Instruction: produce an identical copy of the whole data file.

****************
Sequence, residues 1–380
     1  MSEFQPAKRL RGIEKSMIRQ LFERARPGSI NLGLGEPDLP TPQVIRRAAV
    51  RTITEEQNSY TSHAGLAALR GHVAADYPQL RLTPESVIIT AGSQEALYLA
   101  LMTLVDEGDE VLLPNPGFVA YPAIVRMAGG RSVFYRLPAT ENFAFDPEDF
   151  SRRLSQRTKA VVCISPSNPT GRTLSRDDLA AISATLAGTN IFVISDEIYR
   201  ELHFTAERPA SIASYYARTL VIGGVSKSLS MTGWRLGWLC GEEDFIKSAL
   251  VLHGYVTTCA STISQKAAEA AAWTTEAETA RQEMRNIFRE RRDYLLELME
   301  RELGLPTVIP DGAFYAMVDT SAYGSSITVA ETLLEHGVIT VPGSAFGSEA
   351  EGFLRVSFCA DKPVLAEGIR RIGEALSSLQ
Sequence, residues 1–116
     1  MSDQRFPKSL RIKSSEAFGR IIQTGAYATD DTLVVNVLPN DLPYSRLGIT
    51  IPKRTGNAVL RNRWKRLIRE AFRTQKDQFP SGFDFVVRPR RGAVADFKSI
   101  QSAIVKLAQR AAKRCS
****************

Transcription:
Sequence, residues 1–380
     1  MSEFQPAKRL RGIEKSMIRQ LFERARPGSI NLGLGEPDLP TPQVIRRAAV
    51  RTITEEQNSY TSHAGLAALR GHVAADYPQL RLTPESVIIT AGSQEALYLA
   101  LMTLVDEGDE VLLPNPGFVA YPAIVRMAGG RSVFYRLPAT ENFAFDPEDF
   151  SRRLSQRTKA VVCISPSNPT GRTLSRDDLA AISATLAGTN IFVISDEIYR
   201  ELHFTAERPA SIASYYARTL VIGGVSKSLS MTGWRLGWLC GEEDFIKSAL
   251  VLHGYVTTCA STISQKAAEA AAWTTEAETA RQEMRNIFRE RRDYLLELME
   301  RELGLPTVIP DGAFYAMVDT SAYGSSITVA ETLLEHGVIT VPGSAFGSEA
   351  EGFLRVSFCA DKPVLAEGIR RIGEALSSLQ
Sequence, residues 1–116
     1  MSDQRFPKSL RIKSSEAFGR IIQTGAYATD DTLVVNVLPN DLPYSRLGIT
    51  IPKRTGNAVL RNRWKRLIRE AFRTQKDQFP SGFDFVVRPR RGAVADFKSI
   101  QSAIVKLAQR AAKRCS